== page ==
Being a Blessing to The World

What does it mean to be a Christian?

A simple question with any number of correct answers. But one of the repeated descriptions of believers in the bible has to do with the impact we have on the world around us.

In the Old Testament, believers are to be “a blessing to the nations” –

Genesis 12:2 – “I will make you into a great nation, and I will bless you; I will make your name great, and you will be a blessing.”

Genesis 18:18 – “Abraham will surely become a great and powerful nation, and all nations on earth will be blessed through him.”

In the New Testament, believers are to be “salt and light” –

Matthew 7:13-16 – “You are the salt of the earth. But if the salt loses its saltiness, how can it be made salty again? It is no longer good for anything, except to be thrown out and trampled underfoot.You are the light of the world. A city on a hill cannot be hidden. Neither do people light a lamp and put it under a bowl. Instead they put it on its stand, and it gives light to everyone in the house. In the same way, let your light shine before others, that they may see your good deeds and glorify your Father in heaven.”

But I don’t think we always consider the aim of our faith in such terms. We think more in terms of being good enough, or doing enough to get by. But that’s not the attitude we’re called to have.

This is a common biblical malady. In Luke 10 when Jesus instructs an “expert in the law” to love his neighbor, the man’s follow up question isn’t “how?”, but “who is my neighbor?” He was asking the wrong question, not striving to be salt and light, but just wanting to get by with the minimum.

In Matthew 18, Peter asks Jesus how often he has to forgive someone. Jewish custom said three times was enough, so when Peter suggests seven he was feeling quite generous. But Jesus replies with not seven, but seventy-seven. Peter just wanted to get by, but Jesus wouldn’t let him, and he won’t let us.

In ministering to high school students, a common question in terms of their sexuality is “how far is too far?”

I always tell them, “you’re asking the wrong question.” And I say the same to us. When thinking of giving, we shouldn’t simply ask “how much must I give?” Don’t just shoot for not being selfish, strive for utter and total selflessness.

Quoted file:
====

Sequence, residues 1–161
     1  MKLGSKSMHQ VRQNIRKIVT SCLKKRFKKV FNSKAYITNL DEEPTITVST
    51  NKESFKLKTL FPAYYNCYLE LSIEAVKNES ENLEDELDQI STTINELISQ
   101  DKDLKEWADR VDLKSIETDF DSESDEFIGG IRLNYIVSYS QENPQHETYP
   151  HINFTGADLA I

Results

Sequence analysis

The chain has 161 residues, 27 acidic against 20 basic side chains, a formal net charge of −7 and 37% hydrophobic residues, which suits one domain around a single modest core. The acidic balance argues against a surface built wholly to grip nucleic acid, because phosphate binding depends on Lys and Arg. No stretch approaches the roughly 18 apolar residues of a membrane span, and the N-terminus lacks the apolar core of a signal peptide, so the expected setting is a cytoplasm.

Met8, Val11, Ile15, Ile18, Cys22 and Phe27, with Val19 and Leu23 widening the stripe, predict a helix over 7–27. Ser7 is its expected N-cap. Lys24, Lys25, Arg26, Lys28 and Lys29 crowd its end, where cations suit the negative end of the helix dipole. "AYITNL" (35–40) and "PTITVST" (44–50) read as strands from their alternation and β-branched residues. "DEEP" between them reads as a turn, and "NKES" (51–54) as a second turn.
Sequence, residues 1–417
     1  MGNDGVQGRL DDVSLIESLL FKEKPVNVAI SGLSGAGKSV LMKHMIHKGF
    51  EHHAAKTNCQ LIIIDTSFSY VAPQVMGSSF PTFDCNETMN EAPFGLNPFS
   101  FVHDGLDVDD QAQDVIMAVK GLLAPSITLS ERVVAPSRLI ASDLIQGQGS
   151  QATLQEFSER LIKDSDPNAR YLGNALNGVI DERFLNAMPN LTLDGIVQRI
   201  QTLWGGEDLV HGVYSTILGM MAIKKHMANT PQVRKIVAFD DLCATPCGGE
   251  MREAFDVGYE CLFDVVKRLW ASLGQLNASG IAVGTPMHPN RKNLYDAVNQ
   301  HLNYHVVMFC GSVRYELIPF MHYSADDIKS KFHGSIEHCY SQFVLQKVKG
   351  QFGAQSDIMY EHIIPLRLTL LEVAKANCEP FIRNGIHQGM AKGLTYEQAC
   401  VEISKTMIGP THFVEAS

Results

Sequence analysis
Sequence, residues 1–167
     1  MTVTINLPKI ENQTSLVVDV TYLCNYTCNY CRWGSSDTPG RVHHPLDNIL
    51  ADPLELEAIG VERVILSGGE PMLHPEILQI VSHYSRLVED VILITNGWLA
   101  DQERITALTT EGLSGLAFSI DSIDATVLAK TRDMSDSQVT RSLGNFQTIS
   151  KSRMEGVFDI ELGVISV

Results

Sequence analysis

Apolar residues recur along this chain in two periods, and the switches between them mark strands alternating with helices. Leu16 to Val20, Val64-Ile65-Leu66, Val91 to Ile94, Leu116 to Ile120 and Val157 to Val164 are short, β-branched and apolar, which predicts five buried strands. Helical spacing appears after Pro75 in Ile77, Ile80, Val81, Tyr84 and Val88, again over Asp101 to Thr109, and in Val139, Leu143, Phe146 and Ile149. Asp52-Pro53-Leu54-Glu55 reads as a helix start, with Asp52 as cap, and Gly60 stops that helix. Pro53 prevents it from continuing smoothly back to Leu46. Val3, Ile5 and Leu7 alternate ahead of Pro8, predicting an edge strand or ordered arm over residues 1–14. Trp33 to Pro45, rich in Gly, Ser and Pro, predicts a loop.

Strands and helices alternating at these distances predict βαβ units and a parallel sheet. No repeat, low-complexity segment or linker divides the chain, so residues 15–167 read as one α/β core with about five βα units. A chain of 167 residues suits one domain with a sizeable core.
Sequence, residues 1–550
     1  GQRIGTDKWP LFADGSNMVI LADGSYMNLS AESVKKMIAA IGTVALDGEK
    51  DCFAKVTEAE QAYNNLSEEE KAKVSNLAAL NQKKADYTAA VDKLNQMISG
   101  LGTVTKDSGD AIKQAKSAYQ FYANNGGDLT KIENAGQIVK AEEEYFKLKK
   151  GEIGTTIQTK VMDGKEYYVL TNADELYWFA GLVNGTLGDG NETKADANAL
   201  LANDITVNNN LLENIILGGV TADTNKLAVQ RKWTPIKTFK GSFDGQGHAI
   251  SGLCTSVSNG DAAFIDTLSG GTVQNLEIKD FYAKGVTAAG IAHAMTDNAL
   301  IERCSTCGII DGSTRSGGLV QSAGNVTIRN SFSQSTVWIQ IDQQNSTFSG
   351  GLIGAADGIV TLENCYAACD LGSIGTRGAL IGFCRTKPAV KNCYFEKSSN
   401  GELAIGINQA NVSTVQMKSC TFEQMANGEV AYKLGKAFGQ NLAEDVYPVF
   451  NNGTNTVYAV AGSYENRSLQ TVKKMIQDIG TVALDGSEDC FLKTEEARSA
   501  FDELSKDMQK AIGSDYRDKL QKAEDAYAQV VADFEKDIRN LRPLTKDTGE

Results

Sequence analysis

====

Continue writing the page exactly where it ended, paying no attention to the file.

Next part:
I’ll leave you with a shining biblical example of what this looks like.

It’s found in the book of Ruth, chapter 2. Ruth is gleaning discarded grain in a field owned by Boaz. Old Testament law required farmers to leave some of their crops to help the poor. (“When you reap the harvest of your land, do not reap to the very edges of your field or gather the gleanings of your harvest. Do not go over your vineyard a second time or pick up the grapes that have fallen. Leave them for the poor and the foreigner.” ~ Lev. 19:9-10)

But in verses 15 and 16 this is recorded: “As she got up to glean, Boaz gave orders to his men, ‘Let her gather among the sheaves and don’t reprimand her. Even pull out some stalks for her from the bundles and leave them for her to pick up, and don’t rebuke her.'”

He didn’t do just enough to get by, but went above and beyond what was required because Boaz was concerned about being salt and light, about being a blessing to the world around him.

If Christianity is to have the reputation that it should, if people are to see Christianity as attractive and worth following – it will require the church and its members to exhibit a heart like Boaz’s.

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